We have an old saying in Hebrew - 'The baker shouldn't comment on his dough'. I think my faculty members can answer the question if I’m a better dentist now. (see below for faculty's comments)

What advice do you have for future Eastman residents?  

I think that when you are not in your comfort zone, you can do things you never thought you could. 

The AEGD residency is everything but your comfort zone. It’s very busy. You are away from home and what you are used to. You have to adjust yourself. You have to make good friends and trust your basic instincts. You have to be a great professional dentist and you need to be approachable. You constantly miss home, food and music. It isn't an easy residency but once you get past those obstacles you can gain all the benefits the residency can give you: endless knowledge, exposure to whatever you can dream of, working alongside specialists. Focus on what you like and feel like you are just starting your journey. It makes you feel excited about your future. 

What’s the one thing about Rochester you love and dislike?

Letchworth ParkI think Rochester is beautiful. Letchworth State Park is one of my favorite places to go. Summer is my favorite time. I think winter can be way shorter. I dislike snow in April. 

Anything else you want to add?  

I want to say that aside from the faculty members, the dental assistants are just awesome and I am very grateful to have worked with them.  

What are your next steps after you graduate?

I will be a GPR resident St. Peters Hospital in Albany. I will be able to focus on patients with special needs during this residency and am very excited to start.  

What Faculty Have to Say about Dr. Cohen:

Dr. YunkerShe is a humble individual who was able to complete the program in spite of some difficult circumstances,” said Dr. Michael Yunker, AEGD assistant program director. “She always gave her best effort, was an eager volunteer, and never refused a request to help out others. Tehila is a good communicator, is calm under stress, and is extremely conscientious. I was impressed with her clinical and patient management skills, her maturity, her strong ethical foundation, and her sense of humor. Tehila treated many geriatric patients and patients at the Complex Care Center, and was kind, skilled and competent in all situations.”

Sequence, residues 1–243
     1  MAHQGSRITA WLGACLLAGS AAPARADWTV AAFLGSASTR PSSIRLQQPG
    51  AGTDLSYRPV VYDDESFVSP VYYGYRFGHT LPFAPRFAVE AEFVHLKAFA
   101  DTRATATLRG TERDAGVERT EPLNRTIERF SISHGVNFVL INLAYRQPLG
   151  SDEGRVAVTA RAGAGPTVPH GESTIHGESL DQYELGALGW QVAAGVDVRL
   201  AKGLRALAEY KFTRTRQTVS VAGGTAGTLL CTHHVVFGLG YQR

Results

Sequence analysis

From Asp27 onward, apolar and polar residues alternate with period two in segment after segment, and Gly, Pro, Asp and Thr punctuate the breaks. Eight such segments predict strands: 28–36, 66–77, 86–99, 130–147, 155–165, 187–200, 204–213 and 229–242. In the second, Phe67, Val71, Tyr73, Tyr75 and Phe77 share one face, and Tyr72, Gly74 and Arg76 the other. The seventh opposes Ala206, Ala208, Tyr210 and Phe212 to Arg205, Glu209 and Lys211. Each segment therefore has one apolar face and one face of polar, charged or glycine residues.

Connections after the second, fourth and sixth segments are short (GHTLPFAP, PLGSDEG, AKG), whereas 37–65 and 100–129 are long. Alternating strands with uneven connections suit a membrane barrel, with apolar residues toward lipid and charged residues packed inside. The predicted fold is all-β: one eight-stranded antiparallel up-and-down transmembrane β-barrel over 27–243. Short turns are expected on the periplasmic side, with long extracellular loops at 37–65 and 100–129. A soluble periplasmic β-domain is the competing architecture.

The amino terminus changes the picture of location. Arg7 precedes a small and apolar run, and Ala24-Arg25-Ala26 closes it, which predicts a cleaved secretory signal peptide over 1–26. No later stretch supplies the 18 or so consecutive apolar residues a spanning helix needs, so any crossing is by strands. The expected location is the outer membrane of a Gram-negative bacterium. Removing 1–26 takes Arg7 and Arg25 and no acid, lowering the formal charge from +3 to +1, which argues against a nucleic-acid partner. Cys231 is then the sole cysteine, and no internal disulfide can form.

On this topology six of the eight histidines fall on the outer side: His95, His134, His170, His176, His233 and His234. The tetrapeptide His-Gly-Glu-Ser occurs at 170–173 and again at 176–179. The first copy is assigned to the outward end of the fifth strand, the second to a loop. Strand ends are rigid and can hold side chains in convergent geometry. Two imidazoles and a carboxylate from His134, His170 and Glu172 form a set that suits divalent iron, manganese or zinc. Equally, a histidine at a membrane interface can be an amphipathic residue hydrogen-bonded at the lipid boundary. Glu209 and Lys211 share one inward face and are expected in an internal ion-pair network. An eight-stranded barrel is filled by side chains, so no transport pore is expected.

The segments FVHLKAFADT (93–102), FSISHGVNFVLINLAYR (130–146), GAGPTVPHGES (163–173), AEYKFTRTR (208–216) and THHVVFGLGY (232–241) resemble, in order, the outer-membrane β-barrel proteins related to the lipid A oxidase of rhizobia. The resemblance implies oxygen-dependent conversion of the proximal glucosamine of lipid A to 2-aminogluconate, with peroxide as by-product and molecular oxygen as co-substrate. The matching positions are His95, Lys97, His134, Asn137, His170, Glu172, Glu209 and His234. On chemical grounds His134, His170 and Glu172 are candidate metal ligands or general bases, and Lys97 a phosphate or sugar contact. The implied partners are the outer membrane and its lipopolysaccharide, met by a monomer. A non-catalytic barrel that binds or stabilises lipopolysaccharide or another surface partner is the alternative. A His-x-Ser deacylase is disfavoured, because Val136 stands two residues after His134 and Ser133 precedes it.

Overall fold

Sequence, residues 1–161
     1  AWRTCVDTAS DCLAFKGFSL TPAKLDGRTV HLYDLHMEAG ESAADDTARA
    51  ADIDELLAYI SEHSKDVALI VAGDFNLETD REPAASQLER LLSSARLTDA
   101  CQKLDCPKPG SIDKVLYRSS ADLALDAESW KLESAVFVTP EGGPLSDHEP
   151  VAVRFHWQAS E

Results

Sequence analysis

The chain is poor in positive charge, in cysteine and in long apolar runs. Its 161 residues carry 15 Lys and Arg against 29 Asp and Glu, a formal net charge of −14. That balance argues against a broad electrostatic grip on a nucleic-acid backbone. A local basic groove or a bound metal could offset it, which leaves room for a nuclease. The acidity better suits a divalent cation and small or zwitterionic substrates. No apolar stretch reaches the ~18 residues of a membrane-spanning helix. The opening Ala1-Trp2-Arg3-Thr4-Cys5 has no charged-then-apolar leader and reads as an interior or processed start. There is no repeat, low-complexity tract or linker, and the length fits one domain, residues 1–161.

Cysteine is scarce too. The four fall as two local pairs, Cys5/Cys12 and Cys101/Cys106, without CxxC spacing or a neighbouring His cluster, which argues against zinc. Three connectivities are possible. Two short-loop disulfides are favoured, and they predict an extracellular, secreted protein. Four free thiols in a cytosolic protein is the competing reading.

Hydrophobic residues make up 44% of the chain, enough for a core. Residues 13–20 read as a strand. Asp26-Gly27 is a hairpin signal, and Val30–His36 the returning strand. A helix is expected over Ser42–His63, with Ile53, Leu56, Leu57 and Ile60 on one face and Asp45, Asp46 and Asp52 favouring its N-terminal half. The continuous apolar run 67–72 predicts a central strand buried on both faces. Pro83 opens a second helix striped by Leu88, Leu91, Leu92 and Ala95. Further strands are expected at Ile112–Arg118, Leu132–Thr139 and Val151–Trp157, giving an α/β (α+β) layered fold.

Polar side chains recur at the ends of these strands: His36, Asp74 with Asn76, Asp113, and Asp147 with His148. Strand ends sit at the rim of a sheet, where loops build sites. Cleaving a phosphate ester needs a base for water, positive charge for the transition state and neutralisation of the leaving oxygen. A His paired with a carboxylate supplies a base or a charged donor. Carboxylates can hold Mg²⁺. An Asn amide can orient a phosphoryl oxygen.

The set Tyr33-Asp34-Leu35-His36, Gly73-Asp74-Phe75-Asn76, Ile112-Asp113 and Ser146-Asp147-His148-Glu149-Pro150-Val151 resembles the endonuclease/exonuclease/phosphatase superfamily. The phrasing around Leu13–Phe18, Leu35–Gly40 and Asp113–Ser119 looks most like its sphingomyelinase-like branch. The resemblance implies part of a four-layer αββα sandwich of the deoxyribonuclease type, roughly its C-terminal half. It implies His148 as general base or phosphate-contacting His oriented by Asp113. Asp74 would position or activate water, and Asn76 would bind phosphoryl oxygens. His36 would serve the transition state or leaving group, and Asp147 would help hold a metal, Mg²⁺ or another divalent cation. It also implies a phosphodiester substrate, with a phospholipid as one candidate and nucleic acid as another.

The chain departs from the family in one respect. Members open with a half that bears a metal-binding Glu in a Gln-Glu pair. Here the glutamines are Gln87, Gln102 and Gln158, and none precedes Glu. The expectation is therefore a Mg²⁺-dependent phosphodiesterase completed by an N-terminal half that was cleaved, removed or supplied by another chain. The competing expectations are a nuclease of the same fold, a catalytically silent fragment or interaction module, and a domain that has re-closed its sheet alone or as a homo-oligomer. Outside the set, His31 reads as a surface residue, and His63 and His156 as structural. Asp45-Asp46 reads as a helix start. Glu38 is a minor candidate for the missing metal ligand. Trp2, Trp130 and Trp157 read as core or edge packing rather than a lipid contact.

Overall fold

Over the past three years I certainly have seen a tremendous growth in Dr. Cohen’s clinical skills, patient management and academic knowledge,” added Dr. Hans Malmstrom, chair and program director for the AEGD Program. “She has volunteered weekly for the past two years Dr. Malmstromat the Jewish Home, which is a skilled nursing facility for geriatric patients in all stages of support needs. She has discussed with me how rewarding and meaningful the interaction with these patients has been, in addition to her time treating patients with medically complex conditions and intellectual disabilities. 

She now sees caring for this patient population to be main aspects of her practice. She has gained a broad skill set to manage these patients very well and has also demonstrated a great level of compassion. I have no doubt that she will continue to grow and be a great example of what you can do and learn in the AEGD program if you apply yourself.”

 

 

 

Karen Black | 6/6/2019